“In my less acerbic moments, I think of my wonderful students who really want to live the faith they profess to have, and students of no faith who think that theology raises questions that deserve serious thought.

“Their questions I have the most difficulty answering are not about the Trinity or Christology, but, ‘I am about to become the godmother of my sister’s new baby. What am I supposed to do for her?’ or ‘What exactly am I supposed to do after I receive Communion and go back to my pew?’ ”

Bauerschmidt said the four people currently teaching him about God are his wife, Maureen Sweeney (an immigration lawyer with Catholic Charities in Baltimore until the family’s move to Belgium in 2000), and their three children, Thomas, 9, Sophia, 6, and Denis, 4.

Fragmented theology

Theology currently is incredibly fragmented, he said, “with Catholics who think that liberation theology in its myriad forms (Mestizo, Asian, African, feminist, womanist and so on) is still the way forward. Others, especially some younger theologians, prefer what might broadly be called ressourcement [a term meaning a “return to the sources,” originally associated with such theologians from the 1950s and ’60s such as Jean Danielou and Henri de Lubac]. Radical Orthodoxy, one variety of ressourcement, is distinctive in the directness with which it engages with postmodern, post-Nietzschean thought. I suppose this is more or less where I fit.”

Bauerschmidt said many ressourcement theologians believe that only a profound immersion in the sources of the Christian tradition -- especially scripture and the theological tradition up to and including Aquinas -- can provide the answers to the questions facing the church today. Often these theologians show a great enthusiasm for both the person and the philosophy of Pope John Paul II and see themselves as part of his call for a “new evangelization,” he said.

At the same time, he said, “I worry that too many theologians my age and younger who are interested in a return to the sources are facilely dismissive of the theology of liberation, whose pioneers drank deeply from the waters of the original ressourcement that led to Vatican II.”

Liberation theologian Gustavo Gutierrez, Bauerschmidt said, “has indicated his profound indebtedness to de Lubac’s writings on nature and grace. And I think the theology of liberation at its best can serve as a constant reminder that a return to the sources is always a radical movement and not a way to shore up the status quo.”

Forced to generalize, Bauerschmidt said he’d say Catholics are developing a sense of their countercultural identity, but in a very fragmented way: “Liberationists are often very countercultural on issues like economics and the death penalty and war, but on abortion and other so-called ‘social issues’ often total sellouts to modern notions of personal autonomy.”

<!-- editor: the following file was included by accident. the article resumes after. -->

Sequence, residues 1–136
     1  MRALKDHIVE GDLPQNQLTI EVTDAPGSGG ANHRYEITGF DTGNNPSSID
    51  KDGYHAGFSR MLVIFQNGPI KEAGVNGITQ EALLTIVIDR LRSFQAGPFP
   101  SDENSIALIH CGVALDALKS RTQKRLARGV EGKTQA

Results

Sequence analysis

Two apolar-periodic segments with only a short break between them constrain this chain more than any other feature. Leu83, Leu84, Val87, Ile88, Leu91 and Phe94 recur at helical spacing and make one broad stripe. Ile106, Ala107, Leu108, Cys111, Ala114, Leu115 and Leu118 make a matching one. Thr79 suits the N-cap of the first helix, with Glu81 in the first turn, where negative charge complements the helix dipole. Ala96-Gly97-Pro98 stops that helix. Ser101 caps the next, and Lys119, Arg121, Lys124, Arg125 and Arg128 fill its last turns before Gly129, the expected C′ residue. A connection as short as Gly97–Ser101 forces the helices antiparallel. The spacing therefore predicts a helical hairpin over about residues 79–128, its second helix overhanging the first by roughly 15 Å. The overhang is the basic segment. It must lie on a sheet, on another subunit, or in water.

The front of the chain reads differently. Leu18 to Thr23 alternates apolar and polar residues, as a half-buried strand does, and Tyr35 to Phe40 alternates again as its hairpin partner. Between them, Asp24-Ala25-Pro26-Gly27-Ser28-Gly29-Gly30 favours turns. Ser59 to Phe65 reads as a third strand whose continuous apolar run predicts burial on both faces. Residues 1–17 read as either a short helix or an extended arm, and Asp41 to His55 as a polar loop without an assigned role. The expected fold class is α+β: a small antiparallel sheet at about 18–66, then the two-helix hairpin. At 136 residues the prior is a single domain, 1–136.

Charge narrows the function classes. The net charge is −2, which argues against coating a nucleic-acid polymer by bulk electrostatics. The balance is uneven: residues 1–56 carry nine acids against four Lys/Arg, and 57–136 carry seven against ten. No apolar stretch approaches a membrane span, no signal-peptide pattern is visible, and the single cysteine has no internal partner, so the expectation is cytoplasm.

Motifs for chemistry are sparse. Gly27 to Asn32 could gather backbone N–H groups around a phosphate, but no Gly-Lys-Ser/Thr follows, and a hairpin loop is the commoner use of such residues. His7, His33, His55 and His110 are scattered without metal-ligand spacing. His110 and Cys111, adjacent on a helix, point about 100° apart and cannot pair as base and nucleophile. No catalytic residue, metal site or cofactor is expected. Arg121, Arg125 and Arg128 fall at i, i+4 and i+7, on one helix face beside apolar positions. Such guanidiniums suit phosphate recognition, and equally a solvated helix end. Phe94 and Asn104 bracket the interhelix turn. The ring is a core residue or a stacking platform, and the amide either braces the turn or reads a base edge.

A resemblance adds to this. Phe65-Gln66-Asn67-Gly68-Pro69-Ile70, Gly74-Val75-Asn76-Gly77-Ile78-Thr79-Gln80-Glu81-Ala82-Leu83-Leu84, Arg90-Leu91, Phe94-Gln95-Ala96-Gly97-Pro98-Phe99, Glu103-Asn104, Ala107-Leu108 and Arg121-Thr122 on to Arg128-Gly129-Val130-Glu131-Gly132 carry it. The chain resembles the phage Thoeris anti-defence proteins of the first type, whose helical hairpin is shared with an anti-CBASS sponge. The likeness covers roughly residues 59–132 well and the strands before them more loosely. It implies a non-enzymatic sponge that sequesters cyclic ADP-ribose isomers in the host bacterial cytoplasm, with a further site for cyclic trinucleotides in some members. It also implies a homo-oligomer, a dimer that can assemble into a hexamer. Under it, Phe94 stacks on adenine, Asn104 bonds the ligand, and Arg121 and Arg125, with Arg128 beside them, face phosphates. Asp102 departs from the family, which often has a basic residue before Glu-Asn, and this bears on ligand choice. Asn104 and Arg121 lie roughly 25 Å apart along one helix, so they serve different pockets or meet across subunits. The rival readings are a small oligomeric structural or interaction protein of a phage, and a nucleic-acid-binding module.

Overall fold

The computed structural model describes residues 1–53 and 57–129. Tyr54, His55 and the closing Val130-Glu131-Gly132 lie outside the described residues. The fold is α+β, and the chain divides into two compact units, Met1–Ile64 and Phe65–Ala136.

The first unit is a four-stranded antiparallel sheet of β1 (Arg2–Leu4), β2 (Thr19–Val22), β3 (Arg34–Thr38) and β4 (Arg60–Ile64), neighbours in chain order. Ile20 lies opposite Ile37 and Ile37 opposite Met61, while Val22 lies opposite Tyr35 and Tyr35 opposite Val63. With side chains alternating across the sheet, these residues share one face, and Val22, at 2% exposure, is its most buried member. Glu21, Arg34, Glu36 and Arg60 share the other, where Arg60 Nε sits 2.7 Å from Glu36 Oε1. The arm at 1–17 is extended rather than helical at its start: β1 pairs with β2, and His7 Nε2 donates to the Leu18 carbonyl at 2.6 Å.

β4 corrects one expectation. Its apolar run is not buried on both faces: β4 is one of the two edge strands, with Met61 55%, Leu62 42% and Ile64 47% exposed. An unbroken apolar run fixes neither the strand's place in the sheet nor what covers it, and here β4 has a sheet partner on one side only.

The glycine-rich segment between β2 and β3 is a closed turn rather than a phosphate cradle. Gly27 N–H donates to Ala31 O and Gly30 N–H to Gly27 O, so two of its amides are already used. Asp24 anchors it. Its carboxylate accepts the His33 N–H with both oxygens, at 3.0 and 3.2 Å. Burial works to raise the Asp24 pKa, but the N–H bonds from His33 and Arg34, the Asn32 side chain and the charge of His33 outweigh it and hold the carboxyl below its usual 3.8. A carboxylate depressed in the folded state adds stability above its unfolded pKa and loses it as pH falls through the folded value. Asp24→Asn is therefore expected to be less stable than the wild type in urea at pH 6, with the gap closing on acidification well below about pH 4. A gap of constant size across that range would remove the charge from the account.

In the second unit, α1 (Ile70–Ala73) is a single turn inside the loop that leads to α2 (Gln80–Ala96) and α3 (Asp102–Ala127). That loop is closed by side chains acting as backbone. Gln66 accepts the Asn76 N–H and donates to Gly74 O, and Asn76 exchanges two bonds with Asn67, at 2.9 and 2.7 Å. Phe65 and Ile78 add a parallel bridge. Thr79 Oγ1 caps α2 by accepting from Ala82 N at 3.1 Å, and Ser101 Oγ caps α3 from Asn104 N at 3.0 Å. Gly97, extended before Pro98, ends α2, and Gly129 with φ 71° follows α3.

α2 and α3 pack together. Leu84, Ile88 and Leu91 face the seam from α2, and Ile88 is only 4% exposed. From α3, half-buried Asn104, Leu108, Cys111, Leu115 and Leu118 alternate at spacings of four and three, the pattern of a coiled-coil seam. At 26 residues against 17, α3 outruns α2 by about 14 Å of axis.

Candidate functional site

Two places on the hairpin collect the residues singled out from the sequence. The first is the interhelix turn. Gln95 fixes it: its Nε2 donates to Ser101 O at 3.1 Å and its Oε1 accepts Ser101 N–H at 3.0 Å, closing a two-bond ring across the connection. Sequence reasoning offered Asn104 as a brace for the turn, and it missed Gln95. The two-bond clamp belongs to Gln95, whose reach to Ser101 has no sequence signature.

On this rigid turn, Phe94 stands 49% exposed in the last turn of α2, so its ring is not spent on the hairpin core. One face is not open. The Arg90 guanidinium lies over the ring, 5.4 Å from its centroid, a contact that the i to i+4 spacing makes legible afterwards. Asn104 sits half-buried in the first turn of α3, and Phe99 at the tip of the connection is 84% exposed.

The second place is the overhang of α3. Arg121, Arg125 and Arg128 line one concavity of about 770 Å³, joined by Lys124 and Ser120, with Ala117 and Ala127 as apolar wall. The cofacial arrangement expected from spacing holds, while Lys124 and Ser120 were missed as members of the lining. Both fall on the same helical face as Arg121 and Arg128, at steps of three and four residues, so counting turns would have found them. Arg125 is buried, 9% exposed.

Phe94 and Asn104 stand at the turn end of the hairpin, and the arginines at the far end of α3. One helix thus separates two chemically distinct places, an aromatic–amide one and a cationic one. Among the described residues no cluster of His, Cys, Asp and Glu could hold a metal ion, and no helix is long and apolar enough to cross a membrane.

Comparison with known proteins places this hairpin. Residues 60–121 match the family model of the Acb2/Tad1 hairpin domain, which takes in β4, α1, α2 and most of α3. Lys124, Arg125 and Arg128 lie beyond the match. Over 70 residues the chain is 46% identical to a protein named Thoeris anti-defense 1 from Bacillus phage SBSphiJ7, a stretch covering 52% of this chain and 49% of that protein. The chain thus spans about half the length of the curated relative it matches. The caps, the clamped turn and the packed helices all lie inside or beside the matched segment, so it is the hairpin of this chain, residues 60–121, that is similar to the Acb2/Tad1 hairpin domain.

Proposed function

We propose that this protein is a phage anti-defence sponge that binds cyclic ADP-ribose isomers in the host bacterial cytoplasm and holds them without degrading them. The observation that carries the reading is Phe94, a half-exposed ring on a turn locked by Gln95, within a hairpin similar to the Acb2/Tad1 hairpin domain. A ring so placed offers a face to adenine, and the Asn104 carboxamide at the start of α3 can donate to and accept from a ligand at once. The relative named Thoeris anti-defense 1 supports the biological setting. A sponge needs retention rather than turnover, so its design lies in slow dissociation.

By contrast, he said, “Ressourcement types are countercultural on questions of abortion and in their general critique of American culture, but they tend to be uncritical of the economic forces that foster the very culture they despise. Also, they tend to approach the structures and institutions of the nation, and of the church, as if they could do no wrong.

“I worry,” he said, “that in the ressourcement revival there’s a tendency to dismiss the efforts of theologians following the council, or to see any and all modern developments as inimical to Christianity. Some see any criticism of the church or the tradition as disloyalty. If, for example, you say that the church has a poor track record regarding women or Jews, some think that you are engaged in a wholesale sell-out to pagan modernity. This is, of course, silly since part of the tradition of the church is its tradition of self-criticism.”

Bauerschmidt said he hopes “a consistently and constructively critical theological voice will emerge.” But he said that is possible “only if you have some vantage point from which to be critical,” which he sees as the great strength of the ressourcement.

Traditions make comeback

“Of course the problem with this,” he said, “is that it can turn into an exercise in nostalgia. I think Gregorian chant and the rosary are wonderful parts of the Catholic tradition and I’m happy they’re making something of a comeback. I also don’t think that they are sufficient as practices for sustaining a critical worldview. What are the key practices? I have no clear idea. But that is perhaps the most crucial theological question for the church today.”

Bauerschmidt finds “nothing clears the head like reading a couple of articles from the Summa Theologica.” But his main interest is in the intersection of Christianity and modernity, “particularly in the way in which modernity has changed the shape of everyday life.”

“I am increasingly troubled by the way in which modern patterns of living turn us into rootless units of consumption rather than creatures of a loving God,” he said. “I want to be a theologian who serves the church -- in the sense of helping pastors and the people in the pews to live more deeply the Catholic tradition.

“I think that if I really had the courage of my convictions,” he said, “I would seek out some sort of living situation in an intentional community that sought to model the kind of patterns of everyday life in which Christian faith can flourish.

“I suppose what scares me is that life in such a community might well be incompatible with being a college professor,” Bauerschmidt said. “But then Jesus called us to be disciples, not professionals.”

And that least assertive of mystics, Thérèse of Lisieux, counsels the most countercultural approach of all. As Bauerschmidt notes, Thérèse recommends: “Let us love our littleness.”

Arthur Jones is NCR’s editor at large. His e-mail address is ajones96@aol.com

National Catholic Reporter, February 1, 2002